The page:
Plantar Fasciitis, an all-too-common heel pain, often results from inflammation in the thick fascial band of tissue underneath your foot. This painful condition usually arises from continuous micro stress and strain leading to small tears in the fascia, setting off a repeating cycle of inflammation. If you’ve ever experienced sharp, burning, or stabbing sensations especially during the first few steps out of bed, you may be suffering from Plantar Fasciitis. Certain foot types and conditions may be more prone to developing plantar fasciitis such as:
- Flat Feet (Pes Planus). Condition where the arch of the foot is significantly lower than usual, causing various symptoms and discomfort.
- High-Arched Feet (Pes Cavus) This is a common condition that often goes unnoticed. Arched feet may seem harmless, but they can lead to various issues and discomfort.
- Achilles Tendonitis. Patients who are on their feet for long periods of time, like to be barefooted, athletes and those whose activity may cause them to have overuse of the fascia may also be at higher risk of developing this condition.
Common Plantar Fasciitis Symptoms
Be sure to look out for common signs of plantar fasciitis that may include:
- Pain in the heel or arch area when standing or walking after prolonged sitting
- Heel pain that worsens when running, climbing stairs or during physical activity
- Painful throbbing in the heel area that is more intense after exercise
- Swelling of the bottom of the foot near the heel
Runner’s Feet, Motion Blurred runner closeup shot runner running at a fast pace background sky sunlight, low angle view
Get Back on Your Feet
Non-invasive treatments for plantar fasciitis often form the first line of action and can include rest, ice application, and over-the-counter pain relievers to manage symptoms. Regular stretching exercises that focus on the calf muscles and plantar fascia can help improve flexibility and reduce pain. Additionally, wearing supportive shoes or orthotic inserts can help distribute pressure evenly when you move your feet, reducing strain on the plantar fascia. In some cases, physical therapy may be recommended to strengthen muscles and improve biomechanics. Many cases of plantar fasciitis can be eased through non-surgical conservative treatment measures. But what if these measures aren’t enough? At times, an intervention could be your best option. Our specialists can evaluate your feet to help determine the cause of your fasciitis and ensure that there are not any other underlying factors contributing to your pain.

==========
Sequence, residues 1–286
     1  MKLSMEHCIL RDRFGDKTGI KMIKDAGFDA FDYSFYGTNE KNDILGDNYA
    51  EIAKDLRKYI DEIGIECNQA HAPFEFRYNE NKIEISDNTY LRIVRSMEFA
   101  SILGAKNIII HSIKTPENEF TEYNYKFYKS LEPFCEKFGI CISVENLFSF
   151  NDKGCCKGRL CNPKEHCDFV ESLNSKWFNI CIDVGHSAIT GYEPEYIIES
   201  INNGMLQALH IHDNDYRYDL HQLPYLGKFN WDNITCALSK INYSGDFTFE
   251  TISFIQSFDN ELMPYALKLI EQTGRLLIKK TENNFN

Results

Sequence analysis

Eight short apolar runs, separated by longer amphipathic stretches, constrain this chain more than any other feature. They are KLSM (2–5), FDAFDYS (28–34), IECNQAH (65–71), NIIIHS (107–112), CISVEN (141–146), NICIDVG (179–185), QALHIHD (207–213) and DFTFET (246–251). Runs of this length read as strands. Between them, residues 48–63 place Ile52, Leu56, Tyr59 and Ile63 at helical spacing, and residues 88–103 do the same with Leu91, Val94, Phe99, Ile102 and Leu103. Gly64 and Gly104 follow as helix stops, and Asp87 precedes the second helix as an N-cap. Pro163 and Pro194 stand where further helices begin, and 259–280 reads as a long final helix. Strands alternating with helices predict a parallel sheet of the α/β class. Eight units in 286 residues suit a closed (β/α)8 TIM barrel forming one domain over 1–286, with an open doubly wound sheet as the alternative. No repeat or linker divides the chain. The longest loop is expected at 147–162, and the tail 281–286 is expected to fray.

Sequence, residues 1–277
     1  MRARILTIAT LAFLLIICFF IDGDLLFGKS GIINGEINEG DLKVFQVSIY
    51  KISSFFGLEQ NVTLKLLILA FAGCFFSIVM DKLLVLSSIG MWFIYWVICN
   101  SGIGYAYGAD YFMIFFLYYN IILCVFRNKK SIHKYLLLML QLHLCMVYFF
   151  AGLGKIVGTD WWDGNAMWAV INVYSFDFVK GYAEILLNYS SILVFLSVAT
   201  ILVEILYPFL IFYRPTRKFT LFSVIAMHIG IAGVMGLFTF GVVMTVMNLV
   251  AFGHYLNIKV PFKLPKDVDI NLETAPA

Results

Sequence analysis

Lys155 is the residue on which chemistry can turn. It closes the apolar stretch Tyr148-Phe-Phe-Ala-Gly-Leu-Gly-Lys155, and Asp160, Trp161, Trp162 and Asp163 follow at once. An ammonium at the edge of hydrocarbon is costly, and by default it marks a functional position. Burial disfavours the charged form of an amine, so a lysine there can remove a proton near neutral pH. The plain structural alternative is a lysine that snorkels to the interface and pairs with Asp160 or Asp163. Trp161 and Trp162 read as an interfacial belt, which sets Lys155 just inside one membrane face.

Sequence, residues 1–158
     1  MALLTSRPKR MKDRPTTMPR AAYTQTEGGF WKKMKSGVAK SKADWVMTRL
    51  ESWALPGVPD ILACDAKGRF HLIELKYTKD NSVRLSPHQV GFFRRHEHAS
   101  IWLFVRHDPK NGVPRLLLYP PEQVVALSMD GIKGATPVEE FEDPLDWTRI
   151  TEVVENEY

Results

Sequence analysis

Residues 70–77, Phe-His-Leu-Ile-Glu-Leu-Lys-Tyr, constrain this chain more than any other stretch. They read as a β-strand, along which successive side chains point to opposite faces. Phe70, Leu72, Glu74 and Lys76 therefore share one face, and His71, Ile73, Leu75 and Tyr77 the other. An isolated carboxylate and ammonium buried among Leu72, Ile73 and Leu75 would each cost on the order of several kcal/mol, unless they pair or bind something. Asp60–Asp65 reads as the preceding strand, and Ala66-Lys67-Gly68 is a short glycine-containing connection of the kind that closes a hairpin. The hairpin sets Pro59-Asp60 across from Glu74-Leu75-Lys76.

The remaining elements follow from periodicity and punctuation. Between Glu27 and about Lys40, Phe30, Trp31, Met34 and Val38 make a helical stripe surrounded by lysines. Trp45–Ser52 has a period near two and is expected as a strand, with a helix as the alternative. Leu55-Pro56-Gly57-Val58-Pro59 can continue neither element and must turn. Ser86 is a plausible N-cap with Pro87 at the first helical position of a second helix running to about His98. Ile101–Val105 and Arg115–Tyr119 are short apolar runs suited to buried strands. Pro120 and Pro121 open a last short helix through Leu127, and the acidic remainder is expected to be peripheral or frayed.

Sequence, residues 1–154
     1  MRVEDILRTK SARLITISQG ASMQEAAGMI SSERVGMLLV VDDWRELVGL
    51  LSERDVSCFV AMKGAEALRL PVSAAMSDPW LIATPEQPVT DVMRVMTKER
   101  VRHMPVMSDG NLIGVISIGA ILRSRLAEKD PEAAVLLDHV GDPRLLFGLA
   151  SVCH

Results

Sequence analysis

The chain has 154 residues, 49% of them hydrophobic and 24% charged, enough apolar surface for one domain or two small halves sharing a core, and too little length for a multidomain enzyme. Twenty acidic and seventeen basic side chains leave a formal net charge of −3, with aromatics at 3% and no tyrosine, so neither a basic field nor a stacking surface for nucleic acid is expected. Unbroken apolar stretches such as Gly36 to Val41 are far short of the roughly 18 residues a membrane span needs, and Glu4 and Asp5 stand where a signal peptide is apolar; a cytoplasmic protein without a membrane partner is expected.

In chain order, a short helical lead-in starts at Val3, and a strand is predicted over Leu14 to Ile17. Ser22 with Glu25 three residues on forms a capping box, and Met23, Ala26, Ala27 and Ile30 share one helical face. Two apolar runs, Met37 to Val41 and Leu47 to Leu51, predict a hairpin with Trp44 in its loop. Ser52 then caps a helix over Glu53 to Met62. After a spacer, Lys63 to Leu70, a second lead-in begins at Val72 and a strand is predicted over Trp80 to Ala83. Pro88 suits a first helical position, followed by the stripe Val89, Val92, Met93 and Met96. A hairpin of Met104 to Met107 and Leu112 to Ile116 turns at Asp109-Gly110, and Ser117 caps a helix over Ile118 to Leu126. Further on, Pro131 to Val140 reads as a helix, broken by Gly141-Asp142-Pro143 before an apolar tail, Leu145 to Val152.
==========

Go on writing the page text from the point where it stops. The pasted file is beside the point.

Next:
Minimally Invasive, Maximum Relief for Plantar Fasciitis
If conservative treatments fail to reduce pain, more advanced treatments such as corticosteroid injections or extracorporeal shock wave therapy may be recommended. Surgery is rarely used in the treatment of plantar fasciitis and is usually only considered as a last resort when all other treatments have failed. It’s important to note that recovery from plantar fasciitis can be a slow, gradual process that needs to be managed carefully. Regular stretching and exercises should be followed even after symptoms have improved in order to prevent recurrence. Lastly, it’s important to wear shoes with good cushioning and arch support when engaging in high-impact activities such as running or sports. This will help reduce the stress on the plantar fascia and prevent flare-ups of pain. Our specialists utilize a unique, minimally invasive procedure that lets you get back on your feet the very same day. Return to action faster and break free from the cycle of inflammation and pain.
Book Your Consultation Today
Don’t let plantar fasciitis keep you off your feet. Given the chronic and painful nature of plantar fasciitis, it’s important to seek medical advice as soon as possible in order to get an accurate diagnosis. Reach out to our specialists today for a comprehensive evaluation and a treatment plan tailored for you. Get back to doing the things you love, and finally conquer your plantar fasciitis pain.
This site does not contain or provide medical/health advice. The medical/health information is provided for general information and educational purposes only and is not a substitute for professional advice. Accordingly, before taking any actions based upon such information, we encourage you to consult with the appropriate professionals. The use or reliance of any information contained on this site is solely at your own risk.